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Qum (Qom, Ghom)

  • Qum is in Markazi province located 96 mi (155 klm) south of Tehran. Qum is a holy city and theological center. It is considered to be the center of Shi'ite Islam with a high population of mullahs. Because of this it is important for foreigners and non-Moslems to be respectful and to dress appropriately in Qum.

  • Qum was attacked by the Mongols and again by Timur. It was rebuilt under the Safavids, who made Shi'ism the official faith of Iran.

Masumeh Mosque

  • The main attraction is the Hazrat-e Masumeh shrine, the burial place of Masumeh who died in 816 AD and is the sister of Imam Reza (see Mashad).

Masumeh Mosque Complex

  • The extensive complex was built under the Safavid kings, started by Shah Abbas I, and his three successors are also buried there. Non-Moslems need to check with local authorities regarding visiting the shrine.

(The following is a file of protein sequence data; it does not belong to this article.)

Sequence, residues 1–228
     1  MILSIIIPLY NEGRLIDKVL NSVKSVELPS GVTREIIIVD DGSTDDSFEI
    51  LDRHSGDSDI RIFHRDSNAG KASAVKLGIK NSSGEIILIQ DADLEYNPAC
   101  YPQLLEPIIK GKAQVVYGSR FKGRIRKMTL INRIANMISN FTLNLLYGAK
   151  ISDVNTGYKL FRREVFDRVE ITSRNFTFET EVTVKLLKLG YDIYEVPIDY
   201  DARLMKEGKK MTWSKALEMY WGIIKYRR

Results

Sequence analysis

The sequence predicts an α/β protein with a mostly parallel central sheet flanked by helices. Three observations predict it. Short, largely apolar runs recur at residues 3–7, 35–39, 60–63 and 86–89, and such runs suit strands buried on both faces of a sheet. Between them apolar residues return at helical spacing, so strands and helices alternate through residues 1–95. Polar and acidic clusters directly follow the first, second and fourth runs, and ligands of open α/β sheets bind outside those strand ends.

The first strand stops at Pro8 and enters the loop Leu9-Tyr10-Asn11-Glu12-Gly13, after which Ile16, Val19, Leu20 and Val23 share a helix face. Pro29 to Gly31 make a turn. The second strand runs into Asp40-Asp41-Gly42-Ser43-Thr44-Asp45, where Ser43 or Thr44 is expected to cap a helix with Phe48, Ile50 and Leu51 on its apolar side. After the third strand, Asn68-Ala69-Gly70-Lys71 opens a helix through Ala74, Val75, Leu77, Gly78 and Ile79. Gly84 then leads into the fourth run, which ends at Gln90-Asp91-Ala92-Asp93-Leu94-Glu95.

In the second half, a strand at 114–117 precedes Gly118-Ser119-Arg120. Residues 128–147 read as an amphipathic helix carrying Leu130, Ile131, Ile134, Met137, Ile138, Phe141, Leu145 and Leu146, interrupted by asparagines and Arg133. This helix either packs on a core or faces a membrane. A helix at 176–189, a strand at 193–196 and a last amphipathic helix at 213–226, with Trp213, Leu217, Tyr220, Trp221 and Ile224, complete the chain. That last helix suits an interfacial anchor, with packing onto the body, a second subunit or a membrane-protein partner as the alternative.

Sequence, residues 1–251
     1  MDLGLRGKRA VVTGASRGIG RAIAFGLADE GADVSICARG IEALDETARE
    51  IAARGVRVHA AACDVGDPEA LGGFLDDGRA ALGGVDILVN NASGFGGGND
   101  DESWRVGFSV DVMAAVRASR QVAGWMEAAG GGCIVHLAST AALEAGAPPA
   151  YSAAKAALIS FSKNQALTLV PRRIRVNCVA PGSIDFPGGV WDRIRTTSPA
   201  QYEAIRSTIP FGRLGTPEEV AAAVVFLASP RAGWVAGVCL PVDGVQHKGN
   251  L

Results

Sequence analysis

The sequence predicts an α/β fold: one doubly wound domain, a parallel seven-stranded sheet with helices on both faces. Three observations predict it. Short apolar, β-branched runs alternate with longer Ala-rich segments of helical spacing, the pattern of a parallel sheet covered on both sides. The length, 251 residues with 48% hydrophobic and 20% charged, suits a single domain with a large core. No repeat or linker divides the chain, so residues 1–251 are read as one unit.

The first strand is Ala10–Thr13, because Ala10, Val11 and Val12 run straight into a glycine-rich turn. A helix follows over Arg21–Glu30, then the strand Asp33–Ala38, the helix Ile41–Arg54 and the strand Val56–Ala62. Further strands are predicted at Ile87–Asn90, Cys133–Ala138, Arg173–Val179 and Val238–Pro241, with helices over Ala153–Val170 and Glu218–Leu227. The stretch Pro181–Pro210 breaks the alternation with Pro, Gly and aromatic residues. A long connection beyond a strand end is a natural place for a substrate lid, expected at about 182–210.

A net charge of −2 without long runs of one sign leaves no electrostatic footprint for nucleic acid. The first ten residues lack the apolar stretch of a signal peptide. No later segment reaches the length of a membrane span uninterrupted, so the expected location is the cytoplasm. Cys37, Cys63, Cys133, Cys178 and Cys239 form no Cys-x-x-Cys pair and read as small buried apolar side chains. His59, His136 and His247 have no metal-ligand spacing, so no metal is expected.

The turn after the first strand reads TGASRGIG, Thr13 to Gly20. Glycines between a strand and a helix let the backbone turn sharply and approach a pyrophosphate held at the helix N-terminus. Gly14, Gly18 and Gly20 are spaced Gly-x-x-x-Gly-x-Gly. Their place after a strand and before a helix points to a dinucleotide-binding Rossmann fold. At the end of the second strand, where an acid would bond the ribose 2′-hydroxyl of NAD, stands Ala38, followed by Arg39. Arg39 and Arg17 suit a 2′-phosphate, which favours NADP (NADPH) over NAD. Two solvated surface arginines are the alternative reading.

• No other place in Iran has so many shrines, many built for the relatives of the Shi'ite Imams. The Jomeh Mosque (Safavid Friday Mosque) is also in Qum.

  • There is the Museum of the Holy Sanctuary located in Astaneh Square. It contains collections of Korans, manuscripts, ceramics, textiles, and fine rugs.

Qom bridge over river, mosque in background.

  • Qum has many religious and sweet (candy) shops. Qum is famous for it's "sohan," a flat sweet biscuit made of pistachios and saffron, similar to peanut brittle. Gaz, a nouget candy is also available. Qum is also known for unique and beautiful handmade silk rugs.

Carpetmakers in Qum